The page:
273. Why would anyone claim that the methane ‘could be utilized’ when the very plan that the municipal government has put forth promises six years of actual gas savings? Despite an investment of over two-million in this part of the project, is City Manager Clapper uncertain about gas production even now?
274. Methane gas production is promised to generate significant sums in each of the initial six years of waste importation, as part of a ‘simple payback’ of the costs of importing it. Will City Manager Clapper guarantee those savings from his own salary? Much is said from city government about entrepreneurship and economic development: wouldn’t a private business have to provide assets as collateral for a project?
In addition to what we process onsite we have in the community, we have, umm, grease traps every restaurant and some other food processing places have grease traps and other traps for food waste that then gets collected by a private entity and as their traps are cleaned out and then that material is dumped somewhere. Very often that material comes to our wastewater treatment facility.
275. City Manager Clapper contends that – based on the very plan that he has proposed – waste importation from grease traps will provide a significant part this importation. Does anyone – anyone in all the world – think that local restaurants’ discarded grease will produce vast quantities of methane and tipping fees for even the ‘baby steps’ project he proposes? If some of these restaurants are – by his account – already supplying this grease to Whitewater, of what use is that quantity to the incremental waste dumping he needs to generate tipping fees, etc. for the digester?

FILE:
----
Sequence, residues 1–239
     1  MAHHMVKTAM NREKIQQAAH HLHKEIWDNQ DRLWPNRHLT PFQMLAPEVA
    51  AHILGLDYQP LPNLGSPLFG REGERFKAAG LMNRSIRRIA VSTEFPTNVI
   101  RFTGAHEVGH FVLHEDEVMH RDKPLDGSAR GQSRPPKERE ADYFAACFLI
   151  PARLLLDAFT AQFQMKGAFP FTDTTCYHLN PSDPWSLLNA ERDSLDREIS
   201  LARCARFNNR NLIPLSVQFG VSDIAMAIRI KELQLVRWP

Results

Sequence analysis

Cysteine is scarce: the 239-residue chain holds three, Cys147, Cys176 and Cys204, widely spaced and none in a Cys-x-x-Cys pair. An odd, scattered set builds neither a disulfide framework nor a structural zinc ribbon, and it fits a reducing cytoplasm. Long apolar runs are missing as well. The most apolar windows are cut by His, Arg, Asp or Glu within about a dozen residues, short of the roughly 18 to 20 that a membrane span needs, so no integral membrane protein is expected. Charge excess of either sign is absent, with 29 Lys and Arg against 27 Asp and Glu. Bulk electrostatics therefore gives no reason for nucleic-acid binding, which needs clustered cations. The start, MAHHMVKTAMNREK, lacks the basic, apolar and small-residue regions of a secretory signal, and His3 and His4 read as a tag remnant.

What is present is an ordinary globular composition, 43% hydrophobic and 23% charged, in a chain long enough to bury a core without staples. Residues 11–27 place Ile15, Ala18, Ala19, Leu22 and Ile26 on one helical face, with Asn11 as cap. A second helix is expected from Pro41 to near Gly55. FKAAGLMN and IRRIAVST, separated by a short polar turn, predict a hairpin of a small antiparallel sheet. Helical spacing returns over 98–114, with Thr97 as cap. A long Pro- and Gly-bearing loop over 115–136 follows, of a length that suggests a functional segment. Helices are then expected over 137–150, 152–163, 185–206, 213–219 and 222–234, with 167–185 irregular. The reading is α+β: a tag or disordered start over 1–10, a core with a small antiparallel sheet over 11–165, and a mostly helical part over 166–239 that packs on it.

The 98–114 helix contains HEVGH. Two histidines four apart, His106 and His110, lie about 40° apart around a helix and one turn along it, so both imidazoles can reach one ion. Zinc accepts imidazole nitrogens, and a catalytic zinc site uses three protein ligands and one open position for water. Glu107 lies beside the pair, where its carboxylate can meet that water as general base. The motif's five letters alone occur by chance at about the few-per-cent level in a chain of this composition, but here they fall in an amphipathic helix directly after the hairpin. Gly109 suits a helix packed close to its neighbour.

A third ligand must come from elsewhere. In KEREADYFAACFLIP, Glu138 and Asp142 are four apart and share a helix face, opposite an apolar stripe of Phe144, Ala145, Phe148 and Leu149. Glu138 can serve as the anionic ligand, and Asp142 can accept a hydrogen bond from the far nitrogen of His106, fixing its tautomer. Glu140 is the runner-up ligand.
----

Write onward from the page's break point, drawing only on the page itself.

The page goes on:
We also have food processing plants in the area beyond just our city boundaries, but in the area, that have food waste, ah, high concentrations of byproducts from food processing, all organic material, umm, that they need a place to deposit.
276. Key question: Does City Manager Clapper contend that organic material – discarded from others – is inherently safe? Are not rotting food, human feces, animal feces, and animal carcasses also organic material? How many of those substances would he eat, touch, or willingly slip into the water table?
277. Hasn’t Mr. Clapper’s own chosen vendor – the Donohue firm – already contended that even benign substances in larger qualities are dangerous? If Mr. Clapper is, as he contends in public presentations, knowledgeable about these matters, why does he ignore his own vendor’s assessment?
And so, we have currently, and I wish I had a laser pointer, maybe I can with this cursor, no, I can’t, umm, in the lower right corner of the screen our administration building, right next to the well and right through the door into the place where we have people working there is a dump spot for that waste. Which is very aromatic, to say the least [laughter from audience].